Businesses already recognized remote work as a way to attract and retain talent, reduce real estate costs, increase employee engagement and enhance sustainability, Lister said. But as some workforces pulled together using piecemeal applications for videoconferencing, document sharing and the like, it became clear that this patchwork of applications couldn’t offer enterprise-level privacy, security and collaboration.
“While the ability to work from home is a benefit many employees value, many companies lack the technology infrastructure to offer that capability without some sacrifices to business as usual,” said Bernard Marr, a UK-based strategic business and technology advisor, writing for Forbes.com.
Organizations with a made-for-cloud digital platform in place were instantly ahead of the game. For instance, Vertical Aerospace, a British aerospace manufacturer, implemented a digital platform on the cloud before COVID-19 hit, and was able to seamlessly extend secure, remote collaboration capabilities to all its employees, suppliers and partners.
“At Vertical Aerospace, we were fortunate to have moved onto a collaboration platform on cloud before we were remote working,” said Owen Thompson Cheel, senior aerospace engineer at Vertical Aerospace. “The team has all they need to work from home; and by using the platform on cloud, we have been able to continue working with virtually no difference in performance. It’s an excellent case for working on the cloud, and the platform has allowed us to remain agile and secure without loss of capability, effectively maintaining business continuity.”
As the world recovers from COVID-19, economic challenges and increased investor scrutiny about disaster preparedness—not to mention the environmental benefits of reduced business travel—will keep driving the remote-working trend. “Regardless of whether or not we slide into another recession as a result of COVID-19, the experience will likely cause employers to rethink the ‘where’ and ‘how’ of work,” Lister said.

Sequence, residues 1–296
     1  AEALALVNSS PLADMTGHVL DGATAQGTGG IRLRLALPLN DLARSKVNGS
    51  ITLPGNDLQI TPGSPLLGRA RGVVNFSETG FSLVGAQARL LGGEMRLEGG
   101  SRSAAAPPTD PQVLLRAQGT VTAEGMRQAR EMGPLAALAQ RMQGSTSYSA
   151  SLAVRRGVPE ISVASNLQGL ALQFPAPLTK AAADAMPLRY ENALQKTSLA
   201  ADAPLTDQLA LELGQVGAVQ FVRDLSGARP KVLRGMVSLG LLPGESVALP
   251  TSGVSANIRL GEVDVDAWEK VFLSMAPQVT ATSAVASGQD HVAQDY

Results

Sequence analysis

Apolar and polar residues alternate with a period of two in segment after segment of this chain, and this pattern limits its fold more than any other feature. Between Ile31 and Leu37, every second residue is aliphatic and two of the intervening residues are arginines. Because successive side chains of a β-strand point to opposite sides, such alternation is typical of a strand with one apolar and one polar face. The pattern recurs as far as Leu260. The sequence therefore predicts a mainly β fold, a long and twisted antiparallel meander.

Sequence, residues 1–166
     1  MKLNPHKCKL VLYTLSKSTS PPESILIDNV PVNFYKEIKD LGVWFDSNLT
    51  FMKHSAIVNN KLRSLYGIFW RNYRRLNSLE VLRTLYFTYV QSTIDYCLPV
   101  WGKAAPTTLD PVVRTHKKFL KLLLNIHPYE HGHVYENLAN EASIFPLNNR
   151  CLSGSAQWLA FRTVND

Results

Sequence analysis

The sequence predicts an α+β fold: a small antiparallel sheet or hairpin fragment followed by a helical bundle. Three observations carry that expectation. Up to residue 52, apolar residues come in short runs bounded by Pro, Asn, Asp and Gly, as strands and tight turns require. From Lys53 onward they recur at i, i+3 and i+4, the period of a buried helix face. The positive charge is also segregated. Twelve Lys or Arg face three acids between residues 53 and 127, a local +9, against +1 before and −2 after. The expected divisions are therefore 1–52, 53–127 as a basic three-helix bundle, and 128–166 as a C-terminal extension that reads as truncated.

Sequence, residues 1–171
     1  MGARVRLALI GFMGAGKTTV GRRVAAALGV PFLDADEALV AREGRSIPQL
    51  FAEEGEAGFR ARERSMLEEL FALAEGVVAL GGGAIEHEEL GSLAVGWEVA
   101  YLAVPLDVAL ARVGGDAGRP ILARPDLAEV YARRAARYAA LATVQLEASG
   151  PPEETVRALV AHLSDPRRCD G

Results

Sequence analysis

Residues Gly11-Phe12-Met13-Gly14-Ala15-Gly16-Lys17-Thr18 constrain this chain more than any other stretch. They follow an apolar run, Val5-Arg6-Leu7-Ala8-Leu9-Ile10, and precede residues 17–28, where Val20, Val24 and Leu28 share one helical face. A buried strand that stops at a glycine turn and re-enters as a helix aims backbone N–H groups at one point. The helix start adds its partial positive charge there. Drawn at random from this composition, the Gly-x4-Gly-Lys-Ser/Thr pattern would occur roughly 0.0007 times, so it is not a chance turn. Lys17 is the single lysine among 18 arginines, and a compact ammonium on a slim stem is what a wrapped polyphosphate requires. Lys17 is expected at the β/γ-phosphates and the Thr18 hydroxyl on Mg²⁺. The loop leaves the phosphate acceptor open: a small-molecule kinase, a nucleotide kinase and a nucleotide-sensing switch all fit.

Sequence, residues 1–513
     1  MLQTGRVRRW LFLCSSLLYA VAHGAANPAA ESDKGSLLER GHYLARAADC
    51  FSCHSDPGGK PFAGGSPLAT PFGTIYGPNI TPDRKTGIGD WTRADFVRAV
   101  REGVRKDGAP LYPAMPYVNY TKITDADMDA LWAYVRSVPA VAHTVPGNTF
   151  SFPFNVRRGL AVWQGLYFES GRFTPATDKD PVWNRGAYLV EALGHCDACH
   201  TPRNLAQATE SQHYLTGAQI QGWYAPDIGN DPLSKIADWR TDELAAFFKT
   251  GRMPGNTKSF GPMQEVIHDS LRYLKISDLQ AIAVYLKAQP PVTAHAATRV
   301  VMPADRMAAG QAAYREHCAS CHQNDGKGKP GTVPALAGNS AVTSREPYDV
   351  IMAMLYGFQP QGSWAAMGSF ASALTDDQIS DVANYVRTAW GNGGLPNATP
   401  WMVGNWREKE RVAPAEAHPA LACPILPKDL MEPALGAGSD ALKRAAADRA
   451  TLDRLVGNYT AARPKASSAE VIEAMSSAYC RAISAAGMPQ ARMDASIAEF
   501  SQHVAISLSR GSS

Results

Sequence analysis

Ultimately, organizations that are ready to collaborate seamlessly will recover faster and grow more, McKinsey predicts, by using their platform capabilities to take advantage of opportunities as the recovery gains momentum.
A platform for preparedness
Keeping pace with COVID-19’s effect on economies, industry sectors and businesses is an ongoing challenge, but one impact of the pandemic is undeniable: a vastly accelerated trend toward digitalization.
“From virtual meetings to automated factories, [and] online orders to drone delivery, digital services are growing in importance, permeating an increasing number of sectors and activities,” Matthew Stephenson and Nivedita Sen of the World Economic Forum wrote in their article, “How digital investment can help the COVID-19 recovery.”
“Digitally agile firms are adapting to the ongoing crisis more successfully, and others are rapidly skilling up in response to challenges to their business models,” they wrote.
A consortium led by Aden Group, one of Asia’s largest integrated facility management companies, is a case in point. The consortium is using a virtual collaborative platform with virtual twin 3D simulation capabilities to develop a turnkey infectious disease solution for hospitals that can be quickly deployed and easily maintained in countries severely impacted by COVID-19.
Simulations of a hospital’s entire lifecycle, from engineering to construction, procurement, operations and maintenance, are supported by Aden Group’s virtual collaborative platform, enabling infrastructure and city innovators to find new, more agile approaches to building.
“In a global context where decisiveness and rapid action are essential to help in the fight against COVID-19, combining quickly buildable modular architecture with a digital platform can accelerate the construction of a cutting-edge medical facility and ensure it is fully operational in record time,” said Joachim Poylo, co-founder of Aden Group. “By using the digital platform, we hope to develop a solution that would enable us to reduce engineering changes, maintain a rapid development schedule and meet delivery commitments quickly and effectively, as well as ensure long-term hospital maintenance and safety in anticipation of further pandemics.”
For less agile firms, these examples offer a clear lesson: digitalization across the organization, including partners, employees and stakeholders, will be the lynchpin of business continuity in the post-COVID world. Why? Because companies that are already using these capabilities will create a competitive environment in which everyone must join them, just to keep pace.
“This is a wake-up call for organizations that have placed too much focus on daily operational needs at the expense of investing in digital business and long-term resilience,” said Sandy Shen, senior director analyst at Gartner in the company’s report, “Coronavirus: CIO Areas of Focus During the COVID-19 Outbreak.” “Businesses that can shift technology capacity and investments to digital platforms will mitigate the impact of the outbreak and keep their companies running smoothly, now and over the long term.”